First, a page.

The Constitution is intended to be given, as far as possible, in broad terms and in simple language, and I believe that for the Constitution here the Irish language, in the state we have reached for the drafting of Bills and so on and its application to law,  is just as fit to express ideas as the English language. The only difficulty we have is the difficulty that it is being passed by the two Houses, and there are members of the two Houses who do not know Irish and, therefore, it may be said that they are passing an Act without full knowledge of what they are doing. But most of us have been for a considerable time members of one House or the other, or both, and we all know there are many votes given in both Houses, unfortunately, by members who have not studied closely the text of the Bills that they are passing.
The Taoiseach: That is the position. Even though it is something that one naturally deplores, it is something that we have to take into account, and there is nothing so very exceptional being done here. But I would suggest, if the Seanad wants to do it, to set up a small committee to go over the Irish text and to examine it from that point of view. Remember, the fault is not that the Irish language is not capable of doing all this. I am certain it is. It is not that the Irish language, independently of this English text, has not the meanings that it will have when compared with the English text. It might be said that perhaps a person who has never read a law measure or any of the Acts might not agree with that, but if anybody who has been studying a translation of Acts of Parliament takes up that Constitution he will read it without any doubt without any reference to the English text. But if he has, as he will have, the English text at his side and if he does know the English language as well as the Irish language, then any difficulty he may have is simply a question of: Is this Irish phrase capable of the meaning which is attributed to it in the English phrase? I am assuring the House that the greatest care has been taken to see that that is so. The real fault is that the Houses are purporting to pass something which every member does not thoroughly understand. That  is a fault. It is a pity, but it is not a thing that happens in this case only because, as I say, it is happening in the case of English every day.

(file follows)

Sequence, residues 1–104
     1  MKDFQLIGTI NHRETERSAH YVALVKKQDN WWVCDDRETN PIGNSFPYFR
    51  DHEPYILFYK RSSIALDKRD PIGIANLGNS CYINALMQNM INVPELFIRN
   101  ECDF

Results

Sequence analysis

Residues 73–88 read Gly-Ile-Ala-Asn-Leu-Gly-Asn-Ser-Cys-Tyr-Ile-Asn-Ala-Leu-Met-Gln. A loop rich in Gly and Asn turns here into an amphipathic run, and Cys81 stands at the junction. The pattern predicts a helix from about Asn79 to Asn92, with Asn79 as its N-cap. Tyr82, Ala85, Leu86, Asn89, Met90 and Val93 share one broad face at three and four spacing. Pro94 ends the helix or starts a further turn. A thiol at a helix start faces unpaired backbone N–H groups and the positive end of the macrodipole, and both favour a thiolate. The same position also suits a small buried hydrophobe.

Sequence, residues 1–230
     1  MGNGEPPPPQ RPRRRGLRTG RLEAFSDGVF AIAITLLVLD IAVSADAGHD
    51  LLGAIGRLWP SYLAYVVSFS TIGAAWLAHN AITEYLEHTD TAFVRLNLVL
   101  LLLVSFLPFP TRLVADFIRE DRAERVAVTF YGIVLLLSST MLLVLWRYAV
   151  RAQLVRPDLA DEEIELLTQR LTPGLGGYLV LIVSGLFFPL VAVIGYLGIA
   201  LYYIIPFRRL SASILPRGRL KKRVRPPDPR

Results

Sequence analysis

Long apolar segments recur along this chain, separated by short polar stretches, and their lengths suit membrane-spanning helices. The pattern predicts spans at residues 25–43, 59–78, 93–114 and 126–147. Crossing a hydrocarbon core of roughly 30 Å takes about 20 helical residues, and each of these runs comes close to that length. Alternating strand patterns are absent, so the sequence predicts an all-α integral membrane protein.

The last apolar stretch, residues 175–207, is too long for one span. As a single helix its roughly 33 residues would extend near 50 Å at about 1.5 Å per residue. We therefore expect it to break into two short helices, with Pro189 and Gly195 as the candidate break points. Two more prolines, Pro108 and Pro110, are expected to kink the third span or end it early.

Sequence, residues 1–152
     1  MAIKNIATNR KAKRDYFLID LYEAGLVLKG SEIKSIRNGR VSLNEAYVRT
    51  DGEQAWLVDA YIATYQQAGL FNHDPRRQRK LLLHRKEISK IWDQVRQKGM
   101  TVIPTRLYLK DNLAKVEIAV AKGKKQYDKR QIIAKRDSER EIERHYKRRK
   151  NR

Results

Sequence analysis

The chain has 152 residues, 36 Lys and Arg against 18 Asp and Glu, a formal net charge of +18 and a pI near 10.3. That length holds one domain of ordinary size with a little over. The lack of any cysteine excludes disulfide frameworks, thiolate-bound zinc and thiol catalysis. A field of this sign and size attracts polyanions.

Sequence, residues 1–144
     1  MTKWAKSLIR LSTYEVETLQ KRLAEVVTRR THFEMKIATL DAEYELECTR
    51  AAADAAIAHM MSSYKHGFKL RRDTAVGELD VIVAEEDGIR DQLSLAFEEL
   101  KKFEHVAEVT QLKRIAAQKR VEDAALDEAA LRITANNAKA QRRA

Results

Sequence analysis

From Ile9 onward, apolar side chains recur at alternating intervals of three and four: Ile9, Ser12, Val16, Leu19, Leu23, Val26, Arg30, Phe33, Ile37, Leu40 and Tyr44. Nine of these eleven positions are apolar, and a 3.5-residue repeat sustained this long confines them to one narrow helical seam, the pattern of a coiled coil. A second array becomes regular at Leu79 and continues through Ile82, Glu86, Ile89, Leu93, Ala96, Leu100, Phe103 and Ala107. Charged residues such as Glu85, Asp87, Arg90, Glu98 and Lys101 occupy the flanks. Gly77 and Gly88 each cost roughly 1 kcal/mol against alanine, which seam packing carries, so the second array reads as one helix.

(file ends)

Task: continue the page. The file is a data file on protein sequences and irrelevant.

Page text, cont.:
Peadar Mac Fhionnlaoich: Isé an rud a luaidh sé annso indiu agus do luaidh sé an lá fá dheire é arís, nach bhfuil na focla suidhte i nGaedhlig go díreach mar atá siad suidhte i mBéarla agus go bhfuil na focla so i mBéarla ag dul siar tamall fada i gcionn na ndlighthe. Tá sin fíor, ach is dlighthe gallda a rinne siad san agus má tá sinne ag teacht ar ais ar ár ndlighthe féin is ceart dúinn é chur in ár dteanga féin. Dubhairt an Seanadóir go mba chóir fanacht fiche bliain sul a gcuirimís ár ndligththe i nGaedhilg.
Peadar MacFhionnlaoich: B'fhéidir gur ag dul i ndísc a bheadh an teanga roimhe sin agus má táimid ar tí dul arais ar dhlighthe Gaedhalacha, dlighthe dúthchasacha don tír so, nach ceart dóinn iad do chur insan teangain dúthchasach? Níl aon chiall leis an méid seo. Níl ann ach ráiméis, agus dochar a dhéanamh don Ghaedhilg agus ba cheart dúinn é sin a thuigsint.
Sir John Keane: While not understanding very much about these details of the meaning of the Irish language, I take it that any conflict between the texts may be decided by the highest court in the land, the Supreme Court. What would happen if one or only a majority of that body understood only English?
The Taoiseach: They would have to get assistance, I dare say. In that case they would have to get experts in the language. That would be a problem for  them to solve. I imagine they would have to satisfy themselves by getting experts to come in and give evidence on oath, and so on.
Mr. M. Hayes: As to reference No 15, this amendment provides that when a matter relating to the Constitution comes before the Supreme Court, only one judgment shall be pronounced, and a dissenting judge shall not have power to express his views. Is there any argument in favour of that?